In the past, I was bullied in subtle ways by so called friends. Not all, but a certain one would bitch about me and use me. I can’t even remember why I ended up in a “girl group” in the first place, as I am introverted and just a quiet girl. Anyway, on turning 19, I met my first boyfriend and left the “group” only to be laughed at and put down by them. It made me feel worthless as a human being and I’ve somewhat struggled with this ever since. Not so much that I haven’t been able to get on with my life, which I have.

    Since then, I’ve encountered the odd bully, and most recently I was bullied by neighbours. It all started, because I was introduced to one of the neighbour’s brother and after realising he was a piece of “beep” I told the sister (big mistake) and then realised I shouldn’t be associating with these people. I started to ignore all of them, but the grandma was the bully of them all. Who would have thought a 50 year old would be so cruel? Well she didn’t take being ignored lightly and she started manipulating other neighbours. I was then being harassed. The Police could do nothing about it without evidence sadly, so I left my home and moved away before it got any worse. The women that started the manipulation constantly moaned about work colleagues and not getting the job she wanted etc. From what I gathered from her was that she was the type of person who has to be in control. Hence why, when I started ignoring her, it hurt her ego more than anything and she had to gain control back in the only way she knew how. Manipulation and Bullying.

  13. Cloe Lynn says:

    This is interesting. I remember the cliques in 5th grade and betraying a friend to be in a club. I never forgot it and never felt good about it. It was out of character for me and I felt ashamed. I think many of us have done or said things to peers that were manipulative or hurtful.

    I was also picked on over the years. The biggest impact came from a cute boy in middle school who I had a crush on. I was 6th grade, he was 7th and we rode the same bus. He relentlessly called me “Cheryl Big-nose” for an entire school year. I hadn’t known my nose was bigger than my peers. For years I attempted to mask my nose through make-up, began figuring out the best angle to take pictures, and then started desiring a nose job in high school. Fast forward to college. I had rhinoplasty (nose job) my senior year. When I saw my family at break (I hadn’t told them) my older sister said, “Your nose was fine until David _____ started teasing you.” My nose now fits my very small narrow face. I don’t regret changing it but it would have been so much nicer to not realize it was “big” until I was older and more self-confident (or, even better, never think this at all.)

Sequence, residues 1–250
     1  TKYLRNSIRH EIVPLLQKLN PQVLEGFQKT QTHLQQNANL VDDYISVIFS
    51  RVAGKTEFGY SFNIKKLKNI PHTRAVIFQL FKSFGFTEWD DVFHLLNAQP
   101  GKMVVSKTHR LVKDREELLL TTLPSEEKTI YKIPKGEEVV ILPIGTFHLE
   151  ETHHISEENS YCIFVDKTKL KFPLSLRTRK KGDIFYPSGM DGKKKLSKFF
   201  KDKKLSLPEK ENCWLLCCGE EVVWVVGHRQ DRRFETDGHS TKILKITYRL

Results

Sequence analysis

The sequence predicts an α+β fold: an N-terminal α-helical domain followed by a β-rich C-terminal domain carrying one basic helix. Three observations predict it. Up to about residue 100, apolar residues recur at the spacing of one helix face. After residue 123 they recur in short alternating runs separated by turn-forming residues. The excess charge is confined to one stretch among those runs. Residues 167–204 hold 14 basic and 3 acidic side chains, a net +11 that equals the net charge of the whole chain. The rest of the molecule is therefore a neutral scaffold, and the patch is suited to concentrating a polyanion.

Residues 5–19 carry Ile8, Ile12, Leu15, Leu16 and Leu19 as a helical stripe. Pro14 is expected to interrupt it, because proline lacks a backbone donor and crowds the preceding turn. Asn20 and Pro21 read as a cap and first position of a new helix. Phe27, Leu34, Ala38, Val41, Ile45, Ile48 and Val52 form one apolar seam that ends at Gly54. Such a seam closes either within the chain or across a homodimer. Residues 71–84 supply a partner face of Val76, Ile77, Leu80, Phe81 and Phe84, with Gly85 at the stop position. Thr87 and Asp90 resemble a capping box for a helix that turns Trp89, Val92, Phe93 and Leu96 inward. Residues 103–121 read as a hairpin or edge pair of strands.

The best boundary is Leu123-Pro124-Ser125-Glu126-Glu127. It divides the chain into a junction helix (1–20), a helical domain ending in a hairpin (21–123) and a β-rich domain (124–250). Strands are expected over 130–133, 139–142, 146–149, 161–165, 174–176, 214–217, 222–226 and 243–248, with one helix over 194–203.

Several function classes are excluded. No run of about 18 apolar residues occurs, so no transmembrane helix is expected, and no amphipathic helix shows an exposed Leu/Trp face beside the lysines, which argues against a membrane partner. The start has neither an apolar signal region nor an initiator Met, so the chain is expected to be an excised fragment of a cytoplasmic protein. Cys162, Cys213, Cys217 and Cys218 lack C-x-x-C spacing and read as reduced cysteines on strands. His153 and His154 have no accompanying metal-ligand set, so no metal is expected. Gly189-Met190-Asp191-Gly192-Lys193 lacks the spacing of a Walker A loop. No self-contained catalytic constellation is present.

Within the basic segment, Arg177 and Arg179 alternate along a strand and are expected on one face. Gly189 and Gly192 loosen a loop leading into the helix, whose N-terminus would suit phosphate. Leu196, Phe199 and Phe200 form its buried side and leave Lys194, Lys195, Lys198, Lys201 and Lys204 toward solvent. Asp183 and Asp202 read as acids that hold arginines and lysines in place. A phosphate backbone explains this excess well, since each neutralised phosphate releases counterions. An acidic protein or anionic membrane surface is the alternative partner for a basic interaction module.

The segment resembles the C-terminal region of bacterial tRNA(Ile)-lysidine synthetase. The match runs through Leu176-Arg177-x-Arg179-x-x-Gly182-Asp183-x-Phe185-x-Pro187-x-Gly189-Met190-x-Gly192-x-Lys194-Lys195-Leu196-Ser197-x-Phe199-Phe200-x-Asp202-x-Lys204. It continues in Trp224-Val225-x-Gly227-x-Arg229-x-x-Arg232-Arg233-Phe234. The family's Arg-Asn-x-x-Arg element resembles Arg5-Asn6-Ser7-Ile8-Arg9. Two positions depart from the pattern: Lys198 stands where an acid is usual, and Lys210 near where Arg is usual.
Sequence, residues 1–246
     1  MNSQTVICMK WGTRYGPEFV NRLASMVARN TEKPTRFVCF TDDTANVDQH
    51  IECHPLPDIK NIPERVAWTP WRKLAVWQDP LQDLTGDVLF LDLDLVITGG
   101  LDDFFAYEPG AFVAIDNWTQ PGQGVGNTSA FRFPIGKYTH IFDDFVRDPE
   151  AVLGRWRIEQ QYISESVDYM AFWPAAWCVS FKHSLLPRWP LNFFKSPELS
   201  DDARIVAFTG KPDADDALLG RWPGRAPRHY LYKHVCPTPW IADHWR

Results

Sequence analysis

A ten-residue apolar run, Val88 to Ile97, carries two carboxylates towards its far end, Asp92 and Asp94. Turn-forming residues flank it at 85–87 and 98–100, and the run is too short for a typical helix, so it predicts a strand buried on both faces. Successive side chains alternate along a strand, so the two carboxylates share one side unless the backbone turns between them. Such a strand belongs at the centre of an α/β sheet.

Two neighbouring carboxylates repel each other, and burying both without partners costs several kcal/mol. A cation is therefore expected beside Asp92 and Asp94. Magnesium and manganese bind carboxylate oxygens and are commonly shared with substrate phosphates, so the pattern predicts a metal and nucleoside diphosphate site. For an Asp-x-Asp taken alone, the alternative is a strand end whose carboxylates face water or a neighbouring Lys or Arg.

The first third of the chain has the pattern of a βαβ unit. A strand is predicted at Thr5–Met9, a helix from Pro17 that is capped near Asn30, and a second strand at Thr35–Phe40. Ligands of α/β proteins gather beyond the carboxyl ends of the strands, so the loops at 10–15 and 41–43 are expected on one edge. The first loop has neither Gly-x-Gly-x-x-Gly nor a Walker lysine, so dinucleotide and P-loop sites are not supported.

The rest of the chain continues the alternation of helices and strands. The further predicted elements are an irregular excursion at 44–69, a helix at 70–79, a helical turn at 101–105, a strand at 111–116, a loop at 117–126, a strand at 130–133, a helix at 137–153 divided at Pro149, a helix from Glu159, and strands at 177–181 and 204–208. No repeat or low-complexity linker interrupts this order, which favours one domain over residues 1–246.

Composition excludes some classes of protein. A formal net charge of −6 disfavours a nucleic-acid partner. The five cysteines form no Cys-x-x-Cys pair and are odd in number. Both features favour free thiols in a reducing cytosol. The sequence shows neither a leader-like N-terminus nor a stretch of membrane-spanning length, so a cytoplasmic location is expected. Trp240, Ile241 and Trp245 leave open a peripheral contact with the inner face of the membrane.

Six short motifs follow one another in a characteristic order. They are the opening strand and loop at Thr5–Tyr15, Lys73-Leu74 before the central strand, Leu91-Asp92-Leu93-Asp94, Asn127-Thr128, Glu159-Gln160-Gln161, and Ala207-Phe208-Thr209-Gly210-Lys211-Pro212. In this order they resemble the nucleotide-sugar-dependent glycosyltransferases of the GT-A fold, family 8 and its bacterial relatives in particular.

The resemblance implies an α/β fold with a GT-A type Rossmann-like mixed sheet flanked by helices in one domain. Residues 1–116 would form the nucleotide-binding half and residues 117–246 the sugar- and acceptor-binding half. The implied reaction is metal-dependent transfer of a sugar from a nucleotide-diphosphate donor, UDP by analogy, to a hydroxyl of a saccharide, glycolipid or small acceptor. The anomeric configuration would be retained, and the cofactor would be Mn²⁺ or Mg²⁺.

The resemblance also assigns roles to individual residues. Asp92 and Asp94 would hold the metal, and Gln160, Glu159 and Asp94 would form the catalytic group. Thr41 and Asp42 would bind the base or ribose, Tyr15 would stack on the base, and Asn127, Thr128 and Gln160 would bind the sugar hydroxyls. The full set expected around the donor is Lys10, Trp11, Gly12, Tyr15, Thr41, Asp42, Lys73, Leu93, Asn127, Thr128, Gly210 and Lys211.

Incidentally, David and I ended up getting along later but he was using drugs by the end of 8th grade and became a very heavy drug user/addict (opiates) by 10th grade and dropped out of school. He is very likely court involved/jail or dead at this point. Obviously other things were going on in his world. It was such a waste of an otherwise capable, funny and likable guy who probably had no idea how much his harassment impacted my self-image and life choices. I still struggle with self-esteem related to looks and aging in my 40’s has been very challenging. It really pulls me down.

    Incidentally, I’m a middle school counselor now. I love what I do and know I’m a bit better at my job because of David.

  14. Chris says:

    I was never bulled but im studing it and I am very sorry for people that people get bulled

  15. No one says:

    Spent a good chunk of my day trying to figure out how my sudden realization that my childhood “best friend” locked me in her downstairs closet multiple times and how all her physical abuse has shaped me. She punched me and hurt me. She put me down. She intimidated me. She forced me. She twisted my arm and fingers back so many times over many years so I would do her chores without her parents knowing. She would force me into telling her that she was my best friend and then return by saying, “well, you are not mine. My best friend is so and so..,”. I tried calling home multiple times to get picked up and was stopped.

    Her mom was aware and DID NOTHING and made me feel bad for being smarter or more hard working than her daughter.

    Her 11th sleepover birthday included her covering me in my sleeping bag with an ice cold bucket of water and a laugh and punching me until I cried in front of friends. Again, I’m pretty sure her mom knew and did nothing. That is abuse. This went on for over a decade. My trust in adults was shot.

    I have spent almost 40 years digesting this. I have been diagnosed bipolar, depressed, had severe eating disorders, etc. Fortunately, I have surrounded myself with good people, and all this has stopped.

    Some of these memories have been blocked until now.